The next tidal wave of advances will be in biotech, and the person who leads the way stands to reap immense wealth
In 1969, Paul Baran, one of the original architects of the Internet, made what turned out to be one of the most prescient observations of the 20th century: "Some persons (primarily computer programmers) claim the richest man in the world in the year 2000 will be a computer programmer. This may sound outlandish, but few really good programmers laugh when they consider the assertion." (P. Baran, Institute for the Future)
Baran's prediction was not at all self-evident back then. The 1960s, of course, were the heyday of mainframe computing and well before the PC or the Web browser. Yet even in those early days, a few minds were already beginning to consider the logical consequences of computer power -- consequences that would lead to, among other things, Bill Gates becoming the richest man in the world.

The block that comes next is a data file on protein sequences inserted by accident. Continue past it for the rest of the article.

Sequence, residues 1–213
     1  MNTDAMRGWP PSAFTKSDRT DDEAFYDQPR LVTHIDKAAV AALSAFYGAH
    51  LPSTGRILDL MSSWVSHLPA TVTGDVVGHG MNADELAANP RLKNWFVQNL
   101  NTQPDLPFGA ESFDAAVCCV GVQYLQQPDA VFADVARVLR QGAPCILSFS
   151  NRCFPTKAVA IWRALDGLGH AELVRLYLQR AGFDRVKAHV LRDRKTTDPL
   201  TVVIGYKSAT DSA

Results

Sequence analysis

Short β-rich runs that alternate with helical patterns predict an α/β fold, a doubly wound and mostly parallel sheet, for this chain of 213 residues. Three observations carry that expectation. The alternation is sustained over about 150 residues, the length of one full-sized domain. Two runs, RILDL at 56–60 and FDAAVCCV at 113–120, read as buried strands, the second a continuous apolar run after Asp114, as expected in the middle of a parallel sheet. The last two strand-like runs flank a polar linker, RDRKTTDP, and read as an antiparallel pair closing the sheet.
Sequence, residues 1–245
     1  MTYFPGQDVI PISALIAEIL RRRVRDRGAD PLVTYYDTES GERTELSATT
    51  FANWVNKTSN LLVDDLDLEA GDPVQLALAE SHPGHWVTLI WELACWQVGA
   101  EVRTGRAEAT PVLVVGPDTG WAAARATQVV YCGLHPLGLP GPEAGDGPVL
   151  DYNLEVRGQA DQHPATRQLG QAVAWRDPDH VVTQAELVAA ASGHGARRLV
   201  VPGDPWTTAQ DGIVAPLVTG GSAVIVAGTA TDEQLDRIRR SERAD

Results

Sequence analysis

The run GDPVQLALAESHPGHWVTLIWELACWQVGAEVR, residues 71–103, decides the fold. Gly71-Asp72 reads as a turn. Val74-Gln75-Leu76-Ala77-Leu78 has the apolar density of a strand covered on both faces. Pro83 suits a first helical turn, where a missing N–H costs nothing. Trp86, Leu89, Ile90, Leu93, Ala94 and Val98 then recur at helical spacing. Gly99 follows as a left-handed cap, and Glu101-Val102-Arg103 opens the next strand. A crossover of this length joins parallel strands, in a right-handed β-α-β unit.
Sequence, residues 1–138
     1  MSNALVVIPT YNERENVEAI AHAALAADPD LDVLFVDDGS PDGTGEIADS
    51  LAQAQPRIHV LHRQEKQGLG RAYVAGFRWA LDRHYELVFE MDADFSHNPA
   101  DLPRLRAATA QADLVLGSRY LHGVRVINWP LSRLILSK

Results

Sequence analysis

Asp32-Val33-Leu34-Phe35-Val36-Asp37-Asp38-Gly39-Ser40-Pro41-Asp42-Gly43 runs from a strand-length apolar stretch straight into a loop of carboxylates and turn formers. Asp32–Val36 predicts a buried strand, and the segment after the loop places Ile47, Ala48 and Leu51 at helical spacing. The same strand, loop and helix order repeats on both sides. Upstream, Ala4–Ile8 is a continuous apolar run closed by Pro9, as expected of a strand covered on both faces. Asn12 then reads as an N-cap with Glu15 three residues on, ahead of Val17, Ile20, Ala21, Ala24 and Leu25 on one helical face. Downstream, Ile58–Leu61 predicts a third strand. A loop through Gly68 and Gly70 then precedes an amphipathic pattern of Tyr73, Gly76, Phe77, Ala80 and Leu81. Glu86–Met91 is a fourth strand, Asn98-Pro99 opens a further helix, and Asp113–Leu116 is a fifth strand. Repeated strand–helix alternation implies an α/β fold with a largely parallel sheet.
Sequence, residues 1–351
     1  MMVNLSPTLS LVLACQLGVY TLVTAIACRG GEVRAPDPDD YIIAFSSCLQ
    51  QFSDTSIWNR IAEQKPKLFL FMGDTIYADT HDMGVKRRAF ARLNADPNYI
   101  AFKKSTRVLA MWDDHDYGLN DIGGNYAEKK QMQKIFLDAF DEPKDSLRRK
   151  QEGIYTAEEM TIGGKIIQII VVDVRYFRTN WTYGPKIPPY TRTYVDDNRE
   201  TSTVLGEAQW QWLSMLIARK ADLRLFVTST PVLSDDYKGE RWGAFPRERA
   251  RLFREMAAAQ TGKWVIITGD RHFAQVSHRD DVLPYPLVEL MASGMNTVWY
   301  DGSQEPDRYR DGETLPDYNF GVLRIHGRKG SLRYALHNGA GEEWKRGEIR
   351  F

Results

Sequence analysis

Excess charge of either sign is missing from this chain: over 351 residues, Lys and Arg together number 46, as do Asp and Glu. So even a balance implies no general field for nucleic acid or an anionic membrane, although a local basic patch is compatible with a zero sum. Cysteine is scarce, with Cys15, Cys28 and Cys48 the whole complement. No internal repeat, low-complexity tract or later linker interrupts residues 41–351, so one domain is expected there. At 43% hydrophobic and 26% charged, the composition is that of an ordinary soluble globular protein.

The evidence was there if you knew which questions to ask. It was like watching the first oil well gushing from a Pennsylvania farm in the 1860s -- and imagining 100 million cars and the emergence of John D. Rockefeller as the richest man in America.
Today, the signs around us are just as difficult to read, but, as Yogi Berra once remarked, "You can see a lot just by looking." What will be the next half-century's all-transforming technology? And who will reap the riches to become the next Bill Gates?
SIGNS OF CHANGE.
I believe the answer lays in the confluence of three heretofore largely separate trends:
The evolution of semiconductor-manufacturing capabilities and products into nanoscale dimensions.
The increasing ability of biochemists to engineer genetic material at the molecular (nano) level.
The exponential growth of computer simulations permitting the design of clusters of atoms at the nano dimension.
For decades, each trend evolved separately. But today, these trends have come together, amplifying each other's capabilities and forming the nucleus of what I call the 3N revolution.
Why these three trends? First, they are each attracting huge numbers of very smart scientists and engineers from around the world -- and one should never underestimate the potential of combined intellectual horsepower.